Tips and trics for Zend_Navigation

The navigation component of the Zend Framework was introduced at version 1.8. From my perspective, the navigation is besides the MVC stack one of the most useful components of the system. All menu bars, breadcrumbs, meta links, sitemaps and all their variations can be created with this powerful and flexible component.

Nevertheless, some people find it difficult to use Zend_Navigation because of the complex hierarchy of objects. In this blog article I explain a few tips and tricks which I use in my projects. It eases the creation of more complex navigation structures and hope others find it useful too.

This article covers the following topics:

NB. When more snippets cross my mind, I will update the page with more items.

Dynamically inject subpages

This needs first a short introduction. At Soflomo we have a CMS system where "top-level" pages are injected into the navigation. For example, when you have a blog module in your website, only the root page of this blog is added by the cms (automatically) to the navigation tree. When you view an article, the blog module adds the page of the article to the blog root page.

This method is useful because you do not need to inejct all blog categories and articles at bootstrap time, but inject them only when necessary. In order to achieve this, I use a default navigation configuration during bootstrap and an action helper.

The default configuration can be triggered with this single line:

resources.navigation =

Furthermore you need to add pages to your Zend_Navigation container and mark one page as active. This will not be covered in this article, because I assume you already know how to do this. For example, I use a frontController plugin which fetches all pages from the database, builds the Zend_Navigation tree and activates the correct page based on the Request object. You can also use a XML file or other resources. For more information I point you towards the Zend Framework manual or a video of Jon Lebensold.

The action controller looks as follows:

<?php
class Soflomo_Controller_Action_Helper_Navigation extends Zend_Controller_Action_Helper_Abstract
{
    protected $_navigation;
    protected $_helper;

    public function __construct()
    {
        $bootstrap = $this->getFrontController()->getParam('bootstrap');
        $this->_navigation = $bootstrap->getResource('navigation');
        $this->_helper     = $bootstrap->getResource('view')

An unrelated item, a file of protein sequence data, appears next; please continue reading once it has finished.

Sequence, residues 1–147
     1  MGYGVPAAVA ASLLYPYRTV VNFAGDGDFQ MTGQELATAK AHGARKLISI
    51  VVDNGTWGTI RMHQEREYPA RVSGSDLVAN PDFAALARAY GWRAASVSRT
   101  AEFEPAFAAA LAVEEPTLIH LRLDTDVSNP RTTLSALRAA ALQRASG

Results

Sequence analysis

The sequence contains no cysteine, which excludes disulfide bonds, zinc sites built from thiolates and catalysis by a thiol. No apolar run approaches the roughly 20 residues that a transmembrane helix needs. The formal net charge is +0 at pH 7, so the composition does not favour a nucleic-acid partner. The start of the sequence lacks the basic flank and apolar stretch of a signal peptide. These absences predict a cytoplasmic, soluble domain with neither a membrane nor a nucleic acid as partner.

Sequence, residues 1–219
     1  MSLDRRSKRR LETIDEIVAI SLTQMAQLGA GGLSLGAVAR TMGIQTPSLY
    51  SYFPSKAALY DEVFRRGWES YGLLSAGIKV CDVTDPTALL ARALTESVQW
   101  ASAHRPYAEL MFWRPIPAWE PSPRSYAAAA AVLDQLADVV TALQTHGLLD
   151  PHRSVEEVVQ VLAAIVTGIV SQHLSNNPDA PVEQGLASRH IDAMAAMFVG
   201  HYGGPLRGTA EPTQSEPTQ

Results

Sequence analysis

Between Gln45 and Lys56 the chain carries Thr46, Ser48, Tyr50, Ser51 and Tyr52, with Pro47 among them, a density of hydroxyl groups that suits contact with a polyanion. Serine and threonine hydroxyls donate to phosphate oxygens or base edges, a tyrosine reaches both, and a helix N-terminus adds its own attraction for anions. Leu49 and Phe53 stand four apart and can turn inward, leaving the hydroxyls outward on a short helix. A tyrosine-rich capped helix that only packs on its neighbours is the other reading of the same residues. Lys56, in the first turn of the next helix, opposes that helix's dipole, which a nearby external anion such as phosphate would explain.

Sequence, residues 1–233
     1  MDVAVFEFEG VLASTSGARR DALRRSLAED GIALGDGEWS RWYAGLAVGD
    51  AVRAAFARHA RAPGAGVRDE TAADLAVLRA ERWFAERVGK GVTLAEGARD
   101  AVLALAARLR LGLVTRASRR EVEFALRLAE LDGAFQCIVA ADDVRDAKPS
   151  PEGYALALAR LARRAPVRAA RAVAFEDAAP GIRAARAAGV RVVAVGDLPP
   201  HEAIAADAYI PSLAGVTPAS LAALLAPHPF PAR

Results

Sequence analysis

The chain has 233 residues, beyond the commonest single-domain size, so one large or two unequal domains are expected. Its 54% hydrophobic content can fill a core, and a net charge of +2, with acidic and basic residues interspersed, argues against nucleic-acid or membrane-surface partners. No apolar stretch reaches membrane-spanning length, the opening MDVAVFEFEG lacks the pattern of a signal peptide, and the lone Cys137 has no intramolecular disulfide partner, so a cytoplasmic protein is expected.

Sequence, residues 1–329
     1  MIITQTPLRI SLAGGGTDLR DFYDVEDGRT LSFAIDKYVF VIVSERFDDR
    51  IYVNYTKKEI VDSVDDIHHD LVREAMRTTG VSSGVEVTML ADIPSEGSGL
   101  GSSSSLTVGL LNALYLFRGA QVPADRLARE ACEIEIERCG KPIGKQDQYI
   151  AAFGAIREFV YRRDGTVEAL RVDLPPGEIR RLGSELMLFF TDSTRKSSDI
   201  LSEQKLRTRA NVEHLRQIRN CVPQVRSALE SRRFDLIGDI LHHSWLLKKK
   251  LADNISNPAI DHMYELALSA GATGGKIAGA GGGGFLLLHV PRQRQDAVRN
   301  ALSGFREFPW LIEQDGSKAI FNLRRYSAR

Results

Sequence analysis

->getHelper('navigation');
    }

    public function findActive()
    {
        $active = $this->_helper->findActive($this->_navigation);
        if (!isset($active['page'])){
            return false;
        }

        return $active['page'];
    }

    public function add(array $options)
    {
        if (false !== ($page = $this->findActive()) ) {
            $page->addPage(Zend_Navigation_Page_Uri::factory($options)->setActive(true));
        }
    }
}

When you use the action helper for the first time, the action helper broker automatically instantiates one object. The construction fetches the container which contains all pages and grabs the view helper from Zend_View.

Next, you're able to do two things:

  1. Find an active page (for example, to mark it inactive or grab information of the active page)
  2. Add a new page as child of the current active page

Especially the second method is useful. For example, I do the following in my blog for an article:

<?php
public function articleAction()
{
    $article = new Blog_Model_Article;
    // fetch the article here based on an id or something

    $this->navigation->add(array(
        'label'    => $article->title,
        'uri'      => $this->url() // create the url
    ));
}

With this simple statement you inject your Zend_Navigation_Page_Uri to the current activated page (if it's ok, this will be the blog root page). So on the fly you can add pages to your navigation and you don't need to add them on bootstrap (which saves a lot of resources).

Create submenus with subpages only

Sometimes you want to divide your menu into two parts. A main menu with all the top-level entries. When one of these top-level entries is active, or a child of the top-level entry, a submenu of this entry must be shown. The "problem" is the submenu must be shown when the top-level is active too, another problem is the submenu must not contain the top-level entry.

These requirements can be translated into the following set of options for Zend_Navigation:

array(
  'minDepth'         => 1,
  'onlyActiveBranch' => true,
  'renderParents'    => false
)

So you can render the menu as follows:

<?php echo $this->navigation()->menu->renderMenu(null, array(
    'minDepth'         => 1,
    'onlyActiveBranch' => true,
    'renderParents'    => false
)); ?>

This will create the menu that you wanted!